“In 1933, faced with a housing shortage, the federal government began a program explicitly designed to increase — and segregate — America’s housing stock. Author Richard Rothstein says the housing programs begun under the New Deal were tantamount to a ‘state-sponsored system of segregation.’
The government’s efforts were ‘primarily designed to provide housing to white, middle-class, lower-middle-class families,’ he says. African-Americans and other people of color were left out of the new suburban communities — and pushed instead into urban housing projects.
Rothstein’s new book, The Color of Law, examines the local, state and federal housing policies that mandated segregation. He notes that the Federal Housing Administration, which was established in 1934, furthered the segregation efforts by refusing to insure mortgages in and near African-American neighborhoods — a policy known as ‘redlining.’ At the same time, the FHA was subsidizing builders who were mass-producing entire subdivisions for whites — with the requirement that none of the homes be sold to African-Americans.” –Terry Gross
“Income differences, private discrimination of real estate agents, banks and all of these come under the category of what the Supreme Court called, and what is now generally known as, de facto segregation, something that just happened by accident or by individual choices. And that myth, which is widespread across the political spectrum, hobbles our ability to remedy segregation and eliminate the enormous harm that it does to this country.
The truth is that segregation in every metropolitan area was imposed by racially explicit federal, state and local policy, without which private actions of prejudice or discrimination would not have been very effective. And if we understand that our segregation is a governmentally sponsored system, which of course we’d call de jure segregation, only then can we begin to remedy it. Because if it happened by individual choice, it’s hard to imagine how to remedy it. If it happened by government action, then we should be able to develop equally effective government actions to reverse it.”
“The economists now believe that appraisers like the one in Bedford-Stuyvesant weren’t merely identifying disparities that already existed in the 1930s, and that were likely to worsen anyway. The lines they helped draw, based in large part on the belief that the presence of blacks and other minorities would undermine property values, altered what would happen in these communities for years to come. Maps alone didn’t create segregated and unequal cities today. But the role they played was pivotal….”
“The new research reaffirms the role of government policy in shaping racial disparities in America in access to housing, credit and wealth accumulation. And as the country grapples with the blurred lines between past racism and present-day outcomes, this new data illustrates how such history lives on.” –Emily Badger
“Gentrification typically happens when infrastructure or material changes to a neighborhood reach a point that the neighborhood is now attractive to residents of a higher class than that of the residents of the neighborhood. This can happen in multiple ways. In the case of Harlem, which was the capital of Black America and the home of the Black Intelligentsia, it was tax abatement and a change of zoning laws that opened up the enclave to ‘urban pioneers,’ young whites that chose to reject suburbia and return to the city.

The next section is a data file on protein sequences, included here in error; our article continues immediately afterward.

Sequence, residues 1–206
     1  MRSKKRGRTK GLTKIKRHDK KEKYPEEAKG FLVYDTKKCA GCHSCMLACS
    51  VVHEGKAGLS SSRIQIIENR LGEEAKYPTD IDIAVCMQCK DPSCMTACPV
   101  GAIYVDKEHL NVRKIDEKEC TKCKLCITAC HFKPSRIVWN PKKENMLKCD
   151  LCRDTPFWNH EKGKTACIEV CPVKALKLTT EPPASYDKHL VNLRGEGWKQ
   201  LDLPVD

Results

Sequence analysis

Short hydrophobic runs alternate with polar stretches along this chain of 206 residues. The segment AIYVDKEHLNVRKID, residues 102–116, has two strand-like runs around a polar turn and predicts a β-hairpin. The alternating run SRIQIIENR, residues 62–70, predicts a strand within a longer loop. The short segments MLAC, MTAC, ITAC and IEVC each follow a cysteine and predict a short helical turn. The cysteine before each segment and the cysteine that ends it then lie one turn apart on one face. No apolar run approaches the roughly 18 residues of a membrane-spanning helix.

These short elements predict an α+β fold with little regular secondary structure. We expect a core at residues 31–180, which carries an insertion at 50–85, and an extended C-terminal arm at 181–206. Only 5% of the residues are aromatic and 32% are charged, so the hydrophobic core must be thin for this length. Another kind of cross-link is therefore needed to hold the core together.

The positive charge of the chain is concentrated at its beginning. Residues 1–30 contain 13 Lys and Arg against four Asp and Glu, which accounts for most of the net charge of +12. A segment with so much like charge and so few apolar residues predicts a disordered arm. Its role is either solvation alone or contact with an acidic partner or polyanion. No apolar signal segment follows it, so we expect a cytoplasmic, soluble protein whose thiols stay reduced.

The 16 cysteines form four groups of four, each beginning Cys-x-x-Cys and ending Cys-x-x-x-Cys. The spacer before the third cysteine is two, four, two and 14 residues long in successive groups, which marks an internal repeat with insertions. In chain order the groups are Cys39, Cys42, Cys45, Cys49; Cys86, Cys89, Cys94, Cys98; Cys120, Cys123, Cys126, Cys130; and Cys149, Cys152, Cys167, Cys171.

As a population with more disposable income moves in, property owners respond by improving their properties in the neighborhood to attract the new tenants and by raising prices on leases and rent. This, in effect, causes a squeeze-out; the residents that already live in the neighborhoods cannot afford the rising rents, forcing them to leave homes they and their families have lived in for decades.
For traditional Black businesses, the effect of this can be twofold. First, many Black businesses in gentrified areas find their leases to be illegally broken or challenged by property owners desperate to cash in. Second, those that could somehow hold on to their leases now face a customer base radically different from what they previously had that may be at odds to the products being served, increased competition and a raise in price for key services.
This has led to 30 percent of all Black-owned businesses disappearing in New York City from 2007 and 2017. Per a report by BuzzFeed, of the 25 largest cities in the United States, only Detroit and Jacksonville, Fla., have comparable numbers.”
“Redlining, or the marking off of areas where African-Americans could not get home loans, made property ownership less of a possibility for Black residents, as did rental bans in specific neighborhoods. Worse, the white flight to the suburbs encouraged development around the city instead of in it. Despite the population of Onondaga County, where Syracuse is its county seat, not increasing since the 1970s, the county has seen 61 miles of new road development since 1961, 7,000 new housing units since 2000 and 12,500 acres added to the sanitary district.”
“A reality of modern-day life is that gentrification will happen. Young white professionals have rejected the notions of suburbanism and white flight and are returning to the cities in increasing numbers. It is now on city planners to find a way to make this work. The way forward is not to carve out new enclaves for the affluent in the cities or to allow displacement of the existing populace, but to find ways to promote heterogeneous communities and to encourage infrastructure improvements without raising property costs.”
“As a community increasingly changes its populace, it changes its personality. What was once a vibrant Black community ceases to be in light of its Black residents and businesses being driven to other markets and other communities, only to become something else.
As many African-Americans were driven to these neighborhoods because of aggressive racial policies and economic disenfranchisement, being forced out of them now seems unnecessarily cruel. For those that are left due to subsidized housing or other means, what they are left with may be as alien and foreboding as being forced to live in a new neighborhood.” –Frederick Reese